1663 – England: In 1663 during the reign of King Charles II (1660-1685) a collection of ‘intensely curious men of science’ – the ‘Invisible College’ – morphed into the Royal Society.

A century later, during King George III’s long reign 1760-1820, the Society flowered under his patronage to become one of the world’s most celebrated scientific institutions.

In 1767 with the Transit of Venus in the offing – 3 June 1769 – its second appearance that decade – the Society petitioned King George III for financial support to send observers to report on the phenomenon.

‘That the passage of the Planet Venus over the Disc of the Sun, which will happen on the 3rd of June in the year 1769, is a Phaenomenon (sic) that must, if the same be accurately observed in proper places, contribute greatly to the improvement of Astronomy on which Navigation so much depends.

 As the [Fellows] are in no condition to defray this Expense about £4,000 pounds, exclusive of the Expense of the Ships…with all humility and submit the same to your Majesty’s Royal consideration’. Cited, H.C. Cameron, Sir Joseph Banks, Angus and Robertson, Sydney, 1968

1768 – February: To that end James Douglas 14th Earl of Morton, then President of the Royal Society, penned on 15 February 1768 a Memorial requesting the Monarch’s financial support.

Royal money was forthcoming for it was clear accurate and reliable navigation could equate with domination over the seas. Domination would expedite expansion of territory and trade and strategically more likely assure victory in a naval war.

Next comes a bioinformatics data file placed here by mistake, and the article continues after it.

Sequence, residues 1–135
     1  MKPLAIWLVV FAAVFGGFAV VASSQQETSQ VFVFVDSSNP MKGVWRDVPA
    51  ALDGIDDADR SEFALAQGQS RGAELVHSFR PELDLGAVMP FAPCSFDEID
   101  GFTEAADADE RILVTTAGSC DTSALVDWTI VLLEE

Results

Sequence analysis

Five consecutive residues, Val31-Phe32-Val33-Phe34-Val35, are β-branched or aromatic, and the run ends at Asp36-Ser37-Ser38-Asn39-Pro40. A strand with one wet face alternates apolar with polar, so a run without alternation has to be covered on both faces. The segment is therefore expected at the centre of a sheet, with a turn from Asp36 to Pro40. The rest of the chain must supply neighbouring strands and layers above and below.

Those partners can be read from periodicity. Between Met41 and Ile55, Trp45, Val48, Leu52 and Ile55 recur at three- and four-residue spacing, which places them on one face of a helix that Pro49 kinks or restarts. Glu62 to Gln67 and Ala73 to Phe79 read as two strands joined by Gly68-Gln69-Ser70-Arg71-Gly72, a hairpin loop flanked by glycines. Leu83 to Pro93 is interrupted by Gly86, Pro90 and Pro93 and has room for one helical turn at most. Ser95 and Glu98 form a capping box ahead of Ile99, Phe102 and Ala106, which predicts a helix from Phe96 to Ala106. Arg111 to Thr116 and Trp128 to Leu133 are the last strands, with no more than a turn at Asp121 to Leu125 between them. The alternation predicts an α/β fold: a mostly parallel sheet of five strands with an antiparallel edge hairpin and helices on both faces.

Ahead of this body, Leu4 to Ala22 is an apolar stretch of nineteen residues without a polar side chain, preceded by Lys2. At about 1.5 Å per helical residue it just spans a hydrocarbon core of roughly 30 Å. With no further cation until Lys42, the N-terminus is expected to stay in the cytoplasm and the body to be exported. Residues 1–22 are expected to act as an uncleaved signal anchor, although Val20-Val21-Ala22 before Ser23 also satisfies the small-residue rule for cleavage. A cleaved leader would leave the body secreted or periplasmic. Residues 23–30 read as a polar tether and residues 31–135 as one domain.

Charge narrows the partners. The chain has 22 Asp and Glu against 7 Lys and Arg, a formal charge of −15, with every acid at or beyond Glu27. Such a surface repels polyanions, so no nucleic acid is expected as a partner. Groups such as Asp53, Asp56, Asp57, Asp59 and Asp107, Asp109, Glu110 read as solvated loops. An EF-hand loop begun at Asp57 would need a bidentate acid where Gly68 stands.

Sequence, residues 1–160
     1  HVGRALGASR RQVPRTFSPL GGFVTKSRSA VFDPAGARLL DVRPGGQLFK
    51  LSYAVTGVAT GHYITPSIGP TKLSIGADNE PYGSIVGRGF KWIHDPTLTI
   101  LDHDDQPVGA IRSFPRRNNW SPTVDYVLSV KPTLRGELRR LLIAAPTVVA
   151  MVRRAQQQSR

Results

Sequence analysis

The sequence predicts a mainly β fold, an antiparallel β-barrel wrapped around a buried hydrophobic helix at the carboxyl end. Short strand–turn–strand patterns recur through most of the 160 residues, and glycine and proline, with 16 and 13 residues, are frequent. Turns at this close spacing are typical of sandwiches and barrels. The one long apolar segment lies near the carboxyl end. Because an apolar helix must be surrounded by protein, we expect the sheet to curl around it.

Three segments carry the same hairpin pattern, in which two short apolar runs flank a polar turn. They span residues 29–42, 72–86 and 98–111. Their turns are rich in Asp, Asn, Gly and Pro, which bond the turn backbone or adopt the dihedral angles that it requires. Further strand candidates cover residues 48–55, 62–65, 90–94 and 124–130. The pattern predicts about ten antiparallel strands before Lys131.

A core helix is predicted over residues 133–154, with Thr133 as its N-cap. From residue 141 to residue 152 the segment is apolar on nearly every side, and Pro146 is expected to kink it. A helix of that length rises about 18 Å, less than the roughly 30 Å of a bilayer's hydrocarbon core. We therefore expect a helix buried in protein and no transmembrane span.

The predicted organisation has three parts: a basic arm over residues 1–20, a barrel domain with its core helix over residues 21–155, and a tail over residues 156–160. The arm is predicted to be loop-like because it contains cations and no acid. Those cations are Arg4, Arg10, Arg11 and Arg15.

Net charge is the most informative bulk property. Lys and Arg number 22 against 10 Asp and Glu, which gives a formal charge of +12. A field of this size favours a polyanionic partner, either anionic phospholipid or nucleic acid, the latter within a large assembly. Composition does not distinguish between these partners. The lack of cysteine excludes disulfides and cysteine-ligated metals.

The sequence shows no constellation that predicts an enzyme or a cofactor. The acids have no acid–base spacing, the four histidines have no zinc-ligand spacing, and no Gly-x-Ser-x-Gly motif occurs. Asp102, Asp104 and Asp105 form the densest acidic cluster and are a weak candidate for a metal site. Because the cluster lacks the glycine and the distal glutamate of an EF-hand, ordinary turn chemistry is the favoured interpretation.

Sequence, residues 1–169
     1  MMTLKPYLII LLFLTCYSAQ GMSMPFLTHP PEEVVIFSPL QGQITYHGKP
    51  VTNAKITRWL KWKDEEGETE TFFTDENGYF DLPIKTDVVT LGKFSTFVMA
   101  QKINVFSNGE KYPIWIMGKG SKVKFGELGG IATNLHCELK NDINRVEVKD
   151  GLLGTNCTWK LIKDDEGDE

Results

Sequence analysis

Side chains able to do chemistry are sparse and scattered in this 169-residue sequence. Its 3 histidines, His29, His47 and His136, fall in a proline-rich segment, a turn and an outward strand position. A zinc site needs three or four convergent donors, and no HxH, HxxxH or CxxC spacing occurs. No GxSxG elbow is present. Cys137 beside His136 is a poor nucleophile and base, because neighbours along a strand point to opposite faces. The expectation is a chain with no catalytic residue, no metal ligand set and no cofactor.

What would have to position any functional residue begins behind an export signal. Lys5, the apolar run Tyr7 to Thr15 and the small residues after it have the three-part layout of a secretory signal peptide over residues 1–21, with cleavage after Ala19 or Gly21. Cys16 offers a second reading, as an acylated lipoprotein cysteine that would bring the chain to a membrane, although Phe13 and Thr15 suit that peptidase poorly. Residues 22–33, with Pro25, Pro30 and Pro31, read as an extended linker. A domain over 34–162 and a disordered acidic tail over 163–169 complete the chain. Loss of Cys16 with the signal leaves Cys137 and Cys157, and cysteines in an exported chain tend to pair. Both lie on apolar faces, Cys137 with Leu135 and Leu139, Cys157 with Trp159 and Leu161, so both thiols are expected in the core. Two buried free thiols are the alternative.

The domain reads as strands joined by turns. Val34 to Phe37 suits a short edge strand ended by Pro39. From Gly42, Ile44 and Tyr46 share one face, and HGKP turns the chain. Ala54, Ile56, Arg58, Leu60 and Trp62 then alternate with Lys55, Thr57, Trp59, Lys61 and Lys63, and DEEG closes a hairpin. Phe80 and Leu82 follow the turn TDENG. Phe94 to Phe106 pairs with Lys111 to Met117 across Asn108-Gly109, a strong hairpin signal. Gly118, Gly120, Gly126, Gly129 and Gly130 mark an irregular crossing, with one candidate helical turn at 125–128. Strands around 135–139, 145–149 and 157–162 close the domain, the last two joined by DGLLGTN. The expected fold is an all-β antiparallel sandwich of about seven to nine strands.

‘And the sum of £4,000 pounds clear of fees, [was] to be placed at the disposal of the Society…On March 5th of the next year, 1768, the Navy Board was instructed by the Admiralty to purchase a suitable vessel for the great voyage to the South Seas’. Cameron, Sir Joseph Banks, Angus and Robertson, 1968

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AUSTRALIA – BRITAIN BY A SHORT HALF-HEAD: CAPTAIN ARTHUR PHILLIP & COMTE JEAN-FRANCOISE LA PEROUSE

Tuesday, April 4th, 2017

‘From the coast of China it [New Holland] lies not more than about a thousand leagues and nearly the same distance from the East Indies, from the Spice Islands about seven hundred leagues, and near a month’s run from the Cape of Good Hope…or suppose we were again involved  in a war with Spain, here are ports of shelter and refreshment for our ships, should it be necessary to sent any into the South Sea’. Admiral Sir George, Historical Records of New South Wales. Vol.1

Captain Louis Antoine de Bougainville’s A Voyage Round the World published in 1771; ‘raised the stakes in the race to see who would open up the Pacific first’. Arthur Herman, To Rule The Waves, Hodder and Stoughton, London, 2005